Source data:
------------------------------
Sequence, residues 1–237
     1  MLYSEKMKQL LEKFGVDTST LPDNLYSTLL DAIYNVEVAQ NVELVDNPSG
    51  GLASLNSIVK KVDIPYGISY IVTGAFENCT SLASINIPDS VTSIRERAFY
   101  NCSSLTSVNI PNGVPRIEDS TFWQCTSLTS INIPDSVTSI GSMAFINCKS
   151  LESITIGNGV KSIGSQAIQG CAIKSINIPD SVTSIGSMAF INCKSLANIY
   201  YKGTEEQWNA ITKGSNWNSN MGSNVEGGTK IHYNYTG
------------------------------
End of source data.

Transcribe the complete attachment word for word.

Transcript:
Sequence, residues 1–237
     1  MLYSEKMKQL LEKFGVDTST LPDNLYSTLL DAIYNVEVAQ NVELVDNPSG
    51  GLASLNSIVK KVDIPYGISY IVTGAFENCT SLASINIPDS VTSIRERAFY
   101  NCSSLTSVNI PNGVPRIEDS TFWQCTSLTS INIPDSVTSI GSMAFINCKS
   151  LESITIGNGV KSIGSQAIQG CAIKSINIPD SVTSIGSMAF INCKSLANIY
   201  YKGTEEQWNA ITKGSNWNSN MGSNVEGGTK IHYNYTG